WASHINGTON — Monuments and memorials on the National Mall in D.C. will resume normal operations Sunday, the National Park Service announced Saturday.
All facilities will be open, though Ford’s Theatre National Historic Site and Belmont-Paul Women’s Equality National Monument will have a delayed opening at 10 a.m., NPS spokesman Mike LItterst said in a statement.
Litterst said that it will be “business as usual” on Sunday.
The National Zoo will reopen on Tuesday, along with other Smithsonian museums affected by the partial government shutdown.
Pending passage of a continuing resolution to fund the government, all Smithsonian museums and the National Zoo will reopen Tuesday, Jan. 29 at their regularly scheduled times.
— National Zoo (@NationalZoo) January 25, 2019
Using prior-year funds, the zoo and other Smithsonian museums closed on Jan. 2, 11 days after the shutdown which started on Dec. 22. This gave visitors a chance to visit them over the winter holidays.
During the shutdown, some zoo staff remained to care for the animals, with help from volunteers. A National Zoo spokesman told WTOP that the shutdown did not change their commitment to the safety of the staff, and “the standard of excellence in animal care.”
However, the live animal cameras, including the popular Giant Panda Cam, remained dark while the zoo was closed.
In an Op-Ed for USA Today, Smithsonian secretary David J. Skorton said that the shutdown cost the Smithsonian Institution $1 million a week in revenue from restaurants, IMAX theaters, shops and other operations. He also said that more than 4,000 employees were furloughed and did not get a paycheck; and some 45,000 visitors a day were not able to access the collections.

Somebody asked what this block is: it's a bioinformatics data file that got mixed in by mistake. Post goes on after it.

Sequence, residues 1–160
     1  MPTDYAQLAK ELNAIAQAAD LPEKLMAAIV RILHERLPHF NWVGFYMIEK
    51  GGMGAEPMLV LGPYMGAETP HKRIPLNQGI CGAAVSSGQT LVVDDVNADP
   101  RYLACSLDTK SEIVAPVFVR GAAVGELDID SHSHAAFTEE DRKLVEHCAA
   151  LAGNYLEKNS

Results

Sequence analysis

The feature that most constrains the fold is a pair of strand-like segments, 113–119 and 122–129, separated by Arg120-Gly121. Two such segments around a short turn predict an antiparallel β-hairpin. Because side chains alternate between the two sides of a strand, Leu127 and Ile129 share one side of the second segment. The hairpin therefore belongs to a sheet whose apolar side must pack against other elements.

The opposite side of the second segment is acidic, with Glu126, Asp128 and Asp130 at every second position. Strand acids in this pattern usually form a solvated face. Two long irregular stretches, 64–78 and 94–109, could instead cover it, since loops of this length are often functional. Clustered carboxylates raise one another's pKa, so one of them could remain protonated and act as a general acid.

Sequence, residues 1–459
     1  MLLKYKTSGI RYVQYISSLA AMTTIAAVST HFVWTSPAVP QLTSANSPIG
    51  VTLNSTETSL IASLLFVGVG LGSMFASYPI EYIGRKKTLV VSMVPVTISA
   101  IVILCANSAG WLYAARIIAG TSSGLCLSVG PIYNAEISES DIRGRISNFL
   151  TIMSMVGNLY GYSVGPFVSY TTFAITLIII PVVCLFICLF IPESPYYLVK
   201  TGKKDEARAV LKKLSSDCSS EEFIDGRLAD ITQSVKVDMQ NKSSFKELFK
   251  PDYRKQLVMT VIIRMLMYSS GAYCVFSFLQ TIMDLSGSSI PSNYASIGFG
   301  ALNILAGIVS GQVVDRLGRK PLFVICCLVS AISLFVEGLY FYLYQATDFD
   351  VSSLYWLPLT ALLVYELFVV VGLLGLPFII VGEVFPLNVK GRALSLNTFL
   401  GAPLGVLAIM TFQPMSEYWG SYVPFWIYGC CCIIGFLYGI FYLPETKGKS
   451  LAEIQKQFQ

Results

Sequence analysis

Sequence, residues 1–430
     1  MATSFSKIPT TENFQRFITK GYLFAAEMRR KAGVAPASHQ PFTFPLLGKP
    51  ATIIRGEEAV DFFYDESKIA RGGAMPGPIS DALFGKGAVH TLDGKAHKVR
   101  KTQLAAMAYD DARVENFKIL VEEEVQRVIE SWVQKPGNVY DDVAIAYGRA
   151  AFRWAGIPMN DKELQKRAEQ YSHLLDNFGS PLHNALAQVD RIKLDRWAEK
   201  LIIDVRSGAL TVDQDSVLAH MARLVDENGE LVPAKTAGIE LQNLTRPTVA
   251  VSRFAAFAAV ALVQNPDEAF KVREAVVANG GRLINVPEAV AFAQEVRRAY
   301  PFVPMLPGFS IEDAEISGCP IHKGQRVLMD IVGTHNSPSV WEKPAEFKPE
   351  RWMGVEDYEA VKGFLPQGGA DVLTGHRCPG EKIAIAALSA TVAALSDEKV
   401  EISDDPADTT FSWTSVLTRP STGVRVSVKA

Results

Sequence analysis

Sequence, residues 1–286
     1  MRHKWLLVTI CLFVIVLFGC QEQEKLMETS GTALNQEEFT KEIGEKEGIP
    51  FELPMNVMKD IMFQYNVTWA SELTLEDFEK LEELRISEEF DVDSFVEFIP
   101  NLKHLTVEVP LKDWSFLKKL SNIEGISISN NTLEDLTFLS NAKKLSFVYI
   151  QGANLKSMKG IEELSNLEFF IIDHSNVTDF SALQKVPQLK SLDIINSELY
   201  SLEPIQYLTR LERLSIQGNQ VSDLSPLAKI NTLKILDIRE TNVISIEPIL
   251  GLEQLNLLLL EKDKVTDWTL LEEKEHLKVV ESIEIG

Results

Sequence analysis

Near the National Zoo, businesses that were usually bustling from zoo traffic experienced a slowdown on the first day of the zoo’s closure.
“We went from having thousands of people every day for Zoo Lights in December to having nobody in January,” Yael Krigman, of nearby shop Baked by Yael told WTOP.
In a statement Friday, the National Park Service said that it was preparing to resume regular operations nationwide. Because of individual parks’ staff size and complexity of operations, the opening schedule may vary and some parks may not open immediately. NPS asked visitors to contact individual parks or visit their websites.
“Following the enactment of the continuing resolution, the Natl Park Service is preparing to resume regular operations nationwide though the schedule for individual parks may vary depending on staff size and complexity of operations.” Full statement at https://t.co/j0R3Kdo8b8
— NationalParkService (@NatlParkService) January 26, 2019
Several parks left areas open to visitors during the shutdown, but there was little staff on duty, causing trash, illegal off-roading and other damaging behavior in fragile areas, The Associated Press reported.
In areas around the National Mall, the D.C. government and outside groups stepped up and helped pick up trash while NPS employees were furloughed.
Litterst said that maintenance staff came back on Jan. 11 so trash and similar issues experienced by other parks in the country were not a big issue.
“Everyone is ready to go back to work,” Litterst said, and they’ve been ready to get back almost since funding ran out and had to shut down.